Gandanguurra: The Language of the Mountain People - and Beyond
Out of stock, Available to order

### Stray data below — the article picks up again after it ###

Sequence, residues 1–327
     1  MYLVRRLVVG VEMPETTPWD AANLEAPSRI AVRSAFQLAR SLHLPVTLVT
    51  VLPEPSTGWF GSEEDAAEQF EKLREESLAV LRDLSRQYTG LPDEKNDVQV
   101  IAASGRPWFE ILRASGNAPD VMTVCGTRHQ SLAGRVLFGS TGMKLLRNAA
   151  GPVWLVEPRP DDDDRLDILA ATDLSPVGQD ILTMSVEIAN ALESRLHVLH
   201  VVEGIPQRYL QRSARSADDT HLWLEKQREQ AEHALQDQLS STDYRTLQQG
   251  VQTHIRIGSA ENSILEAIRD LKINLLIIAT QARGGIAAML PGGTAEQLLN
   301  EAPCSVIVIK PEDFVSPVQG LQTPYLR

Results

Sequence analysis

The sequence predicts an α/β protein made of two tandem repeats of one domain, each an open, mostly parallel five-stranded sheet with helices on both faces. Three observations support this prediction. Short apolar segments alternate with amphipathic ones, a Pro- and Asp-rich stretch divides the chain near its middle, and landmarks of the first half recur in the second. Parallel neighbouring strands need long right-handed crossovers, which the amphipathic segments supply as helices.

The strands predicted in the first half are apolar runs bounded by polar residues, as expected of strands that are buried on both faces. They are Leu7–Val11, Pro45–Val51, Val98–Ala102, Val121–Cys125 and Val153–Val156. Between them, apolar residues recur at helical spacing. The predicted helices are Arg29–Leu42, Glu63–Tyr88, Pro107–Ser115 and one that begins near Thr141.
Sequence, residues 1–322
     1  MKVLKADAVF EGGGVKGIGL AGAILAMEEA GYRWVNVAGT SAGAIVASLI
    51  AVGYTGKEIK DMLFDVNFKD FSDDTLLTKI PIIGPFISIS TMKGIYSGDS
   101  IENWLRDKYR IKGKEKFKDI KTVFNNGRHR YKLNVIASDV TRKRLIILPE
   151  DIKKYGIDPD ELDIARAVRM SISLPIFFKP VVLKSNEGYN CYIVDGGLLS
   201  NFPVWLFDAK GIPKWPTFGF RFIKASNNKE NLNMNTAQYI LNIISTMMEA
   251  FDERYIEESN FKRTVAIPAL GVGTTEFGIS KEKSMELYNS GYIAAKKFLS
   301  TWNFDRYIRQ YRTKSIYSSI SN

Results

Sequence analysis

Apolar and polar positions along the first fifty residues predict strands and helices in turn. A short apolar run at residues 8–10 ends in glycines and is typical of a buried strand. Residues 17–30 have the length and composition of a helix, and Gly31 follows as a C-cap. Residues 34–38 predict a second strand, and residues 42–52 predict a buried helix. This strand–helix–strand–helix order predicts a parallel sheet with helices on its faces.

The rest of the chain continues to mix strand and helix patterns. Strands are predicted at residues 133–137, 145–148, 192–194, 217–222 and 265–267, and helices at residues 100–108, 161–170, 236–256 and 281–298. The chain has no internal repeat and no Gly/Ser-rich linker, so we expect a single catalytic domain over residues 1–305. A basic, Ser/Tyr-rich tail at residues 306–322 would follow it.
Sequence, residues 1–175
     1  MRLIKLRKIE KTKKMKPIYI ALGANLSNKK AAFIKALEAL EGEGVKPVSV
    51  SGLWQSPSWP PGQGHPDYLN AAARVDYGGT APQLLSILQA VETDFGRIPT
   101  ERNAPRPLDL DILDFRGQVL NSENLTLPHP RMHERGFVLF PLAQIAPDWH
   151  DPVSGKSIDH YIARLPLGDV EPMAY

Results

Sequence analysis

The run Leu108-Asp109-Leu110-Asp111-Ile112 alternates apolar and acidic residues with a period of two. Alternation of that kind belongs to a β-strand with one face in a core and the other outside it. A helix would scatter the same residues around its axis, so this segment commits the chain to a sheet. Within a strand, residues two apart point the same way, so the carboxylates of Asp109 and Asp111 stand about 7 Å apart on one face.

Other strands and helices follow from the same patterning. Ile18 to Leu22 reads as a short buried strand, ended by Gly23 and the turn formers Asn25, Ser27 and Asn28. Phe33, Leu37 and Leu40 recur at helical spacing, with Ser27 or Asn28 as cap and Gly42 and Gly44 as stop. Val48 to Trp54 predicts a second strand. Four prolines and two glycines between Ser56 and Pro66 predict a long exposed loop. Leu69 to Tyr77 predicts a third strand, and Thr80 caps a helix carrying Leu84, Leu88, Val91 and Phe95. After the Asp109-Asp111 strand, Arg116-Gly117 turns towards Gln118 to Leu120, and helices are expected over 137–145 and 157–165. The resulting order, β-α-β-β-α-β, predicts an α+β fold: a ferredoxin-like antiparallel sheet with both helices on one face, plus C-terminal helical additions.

This book deals with the language of the Gandanguurra people who pre-1788 occupied the Blue Mountains area between Bell's Line of Road in the north and Goulburn in the south, and from the Nepean River in the east to the catchment of the Abercrombie River in the west. Only about 1000 to 1200 Gandanguurra words have survived and most of these are listed in an appendix. Only a modest remnant of the grammar was recorded, mainly by R.H. Mathews and Mary Everitt c. 1900 from informants in the Burragorang Valley (south-east of Katoomba). Additional grammar was gleaned by the author over a period of some years via a study of Gandanguurra words, phrases and sentences recorded especially by Mathews and Everitt, and A.L. (Len Bennett), who had property in the Kedumba Valley, and who for many years in the early 1900s was friend and mentor of Billy Russell who was then chief of the Burragorang Valley local group. These circumstances led to the great majority of the surviving Gandanguurra grammar and vocabulary being based on the Burragorang Valley language. Gandanguurra grammar differed in several areas but particularly in respect of retroflex consonants & stop consonants. Its verbs included 'have' (a rarity). It's case marking included (a) a genitive suffix on a direct object / (b) a vocative case / (c) an instrumental case on a direct object.'